We always end up with more tomato seeds than we intend as after our orders come in there is an inevitable influx of free seeds that we just can't resist sowing. We set out with good intention to compare the fruits but somewhere along the line things become confused. I have created a couple of tables the first being a harvesting schedule.
It is difficult to compare yields as we had differing numbers of plants and also the fruits of some are naturally larger than others. If the number of plants was the only problem then I could work out an average harvest per plant but we had a problem in that towards the end of the season the plants especially those planted outdoors merged together and it was difficult to determine which plants we were harvesting from. Hence the row of unknowns.
Most of the varieties produced the small bite-sized tomatoes that we like. The yellow Sungold and red Gardeners' Delight are firm favourites.
It was difficult to assess flavour as I think the lack of sunshine affected this.
We grew tomatoes in three different locations, in the garden greenhouse, the plot greenhouse and outdoors. As a general observation the outdoor plants ripened first, then the plot greenhouse and lastly the garden greenhouse. Did the plants outdoors benefit from more light in what was a dullish period, did the smaller closed up plot greenhouse warm up more than the much larger garden greenhouse that usually had the door open? It's hard to say.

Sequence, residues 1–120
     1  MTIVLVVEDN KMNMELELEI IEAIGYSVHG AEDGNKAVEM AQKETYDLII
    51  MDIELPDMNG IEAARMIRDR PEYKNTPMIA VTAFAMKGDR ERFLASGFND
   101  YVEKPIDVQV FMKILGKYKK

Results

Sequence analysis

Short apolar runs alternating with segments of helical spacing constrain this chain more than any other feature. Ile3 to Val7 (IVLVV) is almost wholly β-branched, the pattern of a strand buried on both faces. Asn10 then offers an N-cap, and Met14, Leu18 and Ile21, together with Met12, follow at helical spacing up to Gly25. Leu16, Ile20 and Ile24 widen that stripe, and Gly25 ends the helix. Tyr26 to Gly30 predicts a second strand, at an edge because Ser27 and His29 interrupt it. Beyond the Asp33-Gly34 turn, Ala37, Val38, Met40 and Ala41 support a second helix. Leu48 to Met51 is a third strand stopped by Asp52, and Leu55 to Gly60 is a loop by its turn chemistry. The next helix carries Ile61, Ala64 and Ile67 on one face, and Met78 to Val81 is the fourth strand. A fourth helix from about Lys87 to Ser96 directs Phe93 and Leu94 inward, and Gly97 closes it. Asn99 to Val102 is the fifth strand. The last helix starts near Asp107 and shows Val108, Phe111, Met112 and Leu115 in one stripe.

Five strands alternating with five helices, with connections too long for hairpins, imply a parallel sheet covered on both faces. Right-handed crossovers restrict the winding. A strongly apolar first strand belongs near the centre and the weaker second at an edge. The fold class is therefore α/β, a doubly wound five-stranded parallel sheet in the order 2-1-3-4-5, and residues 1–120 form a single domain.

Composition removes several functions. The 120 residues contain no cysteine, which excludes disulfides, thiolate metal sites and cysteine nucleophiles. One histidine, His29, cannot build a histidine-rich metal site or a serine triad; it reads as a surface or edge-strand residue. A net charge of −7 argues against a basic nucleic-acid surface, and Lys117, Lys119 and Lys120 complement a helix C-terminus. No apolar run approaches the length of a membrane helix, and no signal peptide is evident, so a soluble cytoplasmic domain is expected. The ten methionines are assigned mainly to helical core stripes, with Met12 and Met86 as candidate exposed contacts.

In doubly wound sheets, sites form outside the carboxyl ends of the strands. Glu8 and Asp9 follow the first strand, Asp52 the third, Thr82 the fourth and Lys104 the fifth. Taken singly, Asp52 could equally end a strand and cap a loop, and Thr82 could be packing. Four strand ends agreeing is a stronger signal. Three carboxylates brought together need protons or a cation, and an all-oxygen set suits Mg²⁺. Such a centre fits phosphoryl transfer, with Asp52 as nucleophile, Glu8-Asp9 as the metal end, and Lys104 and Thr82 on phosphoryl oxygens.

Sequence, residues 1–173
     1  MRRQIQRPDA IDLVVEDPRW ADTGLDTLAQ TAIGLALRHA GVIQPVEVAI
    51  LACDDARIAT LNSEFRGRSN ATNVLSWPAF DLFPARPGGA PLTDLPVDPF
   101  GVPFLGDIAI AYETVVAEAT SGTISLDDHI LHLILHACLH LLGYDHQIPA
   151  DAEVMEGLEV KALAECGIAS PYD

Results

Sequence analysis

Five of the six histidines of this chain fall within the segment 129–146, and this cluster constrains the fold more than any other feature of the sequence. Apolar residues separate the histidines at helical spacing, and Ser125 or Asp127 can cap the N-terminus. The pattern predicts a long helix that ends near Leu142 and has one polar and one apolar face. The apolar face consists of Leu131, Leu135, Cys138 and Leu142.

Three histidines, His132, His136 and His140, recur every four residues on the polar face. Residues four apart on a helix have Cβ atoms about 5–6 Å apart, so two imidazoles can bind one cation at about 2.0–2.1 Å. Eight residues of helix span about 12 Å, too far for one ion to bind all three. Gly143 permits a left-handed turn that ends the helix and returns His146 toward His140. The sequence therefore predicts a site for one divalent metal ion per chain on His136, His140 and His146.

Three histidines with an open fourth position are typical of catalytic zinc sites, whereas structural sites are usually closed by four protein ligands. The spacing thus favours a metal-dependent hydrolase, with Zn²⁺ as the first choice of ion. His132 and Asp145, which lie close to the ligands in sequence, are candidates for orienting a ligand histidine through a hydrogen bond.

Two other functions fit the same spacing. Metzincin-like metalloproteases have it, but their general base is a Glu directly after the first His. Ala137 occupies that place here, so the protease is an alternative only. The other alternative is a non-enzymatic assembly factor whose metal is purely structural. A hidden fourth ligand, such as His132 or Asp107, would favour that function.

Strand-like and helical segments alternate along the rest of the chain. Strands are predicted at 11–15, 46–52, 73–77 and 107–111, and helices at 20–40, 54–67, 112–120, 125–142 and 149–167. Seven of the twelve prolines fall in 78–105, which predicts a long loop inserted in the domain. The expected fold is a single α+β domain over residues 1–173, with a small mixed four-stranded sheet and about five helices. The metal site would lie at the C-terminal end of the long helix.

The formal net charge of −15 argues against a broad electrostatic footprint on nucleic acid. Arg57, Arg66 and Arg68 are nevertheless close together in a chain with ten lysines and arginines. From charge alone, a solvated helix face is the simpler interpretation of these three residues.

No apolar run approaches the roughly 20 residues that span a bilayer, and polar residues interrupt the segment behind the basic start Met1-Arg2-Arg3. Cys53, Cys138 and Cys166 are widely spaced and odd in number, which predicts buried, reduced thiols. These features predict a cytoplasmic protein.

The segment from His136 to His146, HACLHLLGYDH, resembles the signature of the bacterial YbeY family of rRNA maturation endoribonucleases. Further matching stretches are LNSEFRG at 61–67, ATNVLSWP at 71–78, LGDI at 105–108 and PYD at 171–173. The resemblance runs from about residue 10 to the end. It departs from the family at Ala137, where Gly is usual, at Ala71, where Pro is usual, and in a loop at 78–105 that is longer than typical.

The plants were much healthier this year which we put down to the different Clover grow bags.
The biggest surprise was the from the tomatoes planted outdoors. These were really the leftover, weakest looking plants that would usually have been composted. This year we decided to risk blight and plant then in a bed on the plot.
It must have been some form of divine inspiration as we were blight free and the plants produced a really good harvest. Maybe another year the plants would be devastated but if nothing else it shows that if you have space it is worth planting some tomato plants outdoors especially if the alternative is to compost leftovers.
Next year we are mainly concentrating in small tomato and those claiming to be blight and other tomato disease resistant varieties:
We are trying to be restrained but no doubt some others will sneak into the mix.